Loser leaders

World deserves better from people in charge

Will Rogers and Mark Twain were legendary for scathing, cutting reviews of this
nation’s leaders.

“There is no distinctly American criminal class – except Congress,” Twain is oft-quoted.

“This country has come to feel the same when Congress is in session as when the baby gets hold of a hammer,” Rogers added.

Their cynicism is even more warranted today than it was in their time. Congress is running this country into the ground financially and politically – members can’t even agree to pay the oversized bills they run up.

A poll earlier this year showed Americans have less regard for Congress than they do for lice, colonoscopies, root canals and traffic jams.

Gallup last month said a scant 18 percent of Americans approve of the way the country is being governed – the worst rating since Gallup began asking the question in 1971, and worse than during any scandal in all those intervening years.

Examples of horrid leadership abound across the continent, though. Former Detroit Mayor Kwame Kilpatrick is serving a 28-year sentence for bribery, fraud and extortion. Former San Diego Mayor Bob Filner recently resigned after less than a year in office, after multiple allegations of sexual harassment; he was criminally convicted and sentenced to three months’ house arrest, and, in return for getting rid of him, the city has agreed to incur the costs of defending him in civil court.

Up north in Canada, Toronto Mayor Rob Ford, after denying video evidence and ducking questions for months, admitted this past week that he smoked crack cocaine a year ago – but only while in a “drunken stupor.” Whew! That’s a relief!

Like Filner, and like the raunchy and scandalized former U.S. Rep. Anthony Weiner, and like so many other awful excuses for public leaders, Ford planned to cling to power like a koala clings to Eucalyptus trees. They pretty much all do. They’ve got scrapings of power and privilege under their nails.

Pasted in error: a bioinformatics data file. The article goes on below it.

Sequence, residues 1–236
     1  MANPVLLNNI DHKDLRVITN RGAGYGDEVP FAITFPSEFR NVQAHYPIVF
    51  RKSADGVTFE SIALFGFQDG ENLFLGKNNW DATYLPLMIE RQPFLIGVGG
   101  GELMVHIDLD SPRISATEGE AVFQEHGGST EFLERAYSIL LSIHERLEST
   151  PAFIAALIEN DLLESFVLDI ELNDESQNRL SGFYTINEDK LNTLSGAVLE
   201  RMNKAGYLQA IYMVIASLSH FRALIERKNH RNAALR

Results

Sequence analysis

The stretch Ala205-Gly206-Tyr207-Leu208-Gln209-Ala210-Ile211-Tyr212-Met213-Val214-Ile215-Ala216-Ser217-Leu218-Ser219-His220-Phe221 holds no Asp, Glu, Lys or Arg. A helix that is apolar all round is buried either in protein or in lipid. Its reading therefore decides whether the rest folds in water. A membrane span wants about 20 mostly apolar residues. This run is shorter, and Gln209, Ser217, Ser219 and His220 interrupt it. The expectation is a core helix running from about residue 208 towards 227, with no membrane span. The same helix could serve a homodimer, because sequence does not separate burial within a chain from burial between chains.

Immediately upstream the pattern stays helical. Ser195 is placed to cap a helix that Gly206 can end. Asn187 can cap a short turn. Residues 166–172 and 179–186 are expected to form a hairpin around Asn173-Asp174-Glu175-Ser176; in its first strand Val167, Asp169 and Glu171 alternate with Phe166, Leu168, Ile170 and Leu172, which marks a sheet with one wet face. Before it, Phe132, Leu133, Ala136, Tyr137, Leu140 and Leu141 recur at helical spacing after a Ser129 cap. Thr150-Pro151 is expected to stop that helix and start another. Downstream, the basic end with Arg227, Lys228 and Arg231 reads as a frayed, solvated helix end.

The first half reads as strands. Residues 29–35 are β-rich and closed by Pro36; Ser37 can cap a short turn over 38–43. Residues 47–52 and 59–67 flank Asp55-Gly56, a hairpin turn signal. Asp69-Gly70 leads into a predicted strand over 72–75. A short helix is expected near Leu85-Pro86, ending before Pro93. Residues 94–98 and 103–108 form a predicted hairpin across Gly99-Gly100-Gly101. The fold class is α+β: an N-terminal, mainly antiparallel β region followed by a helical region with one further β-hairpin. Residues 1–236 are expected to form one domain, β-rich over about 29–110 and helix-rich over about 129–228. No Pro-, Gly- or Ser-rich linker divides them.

But truth be told, North America is an oasis of great leadership when compared to most of the world. We’ve got some 7 billion people on the planet, and the vast majority of them live under tyranny, corruption and despotism – while the rest of us get more of it than we’d like. In some cases, such as in Syria, authoritarianism is just the family business.

In North Korea, the people starve while North Korean “Supreme Leader” Kim Jong-un parties with basketball star Dennis Rodman and plays shade-tree mechanic with nuclear weapons. In Iran, the people are made to suffer under righteous and necessary international sanctions while their leaders joyously pursue the apocalypse.

It all makes you wonder: When is the human race going to get together and demand better?

It occurs to us that many state and local officials in this country receive some training when they take office – new judges, for instance. There are confabs for city and county commissions and the like. Where is the training for world leaders? Or are we to conclude no particular instructions are necessary to run a country?

In the foreword to his book Are We Good Enough for Liberty?, Foundation for Economic Education President Lawrence W. Reed writes, “character makes all the difference in the world.”

Literally.

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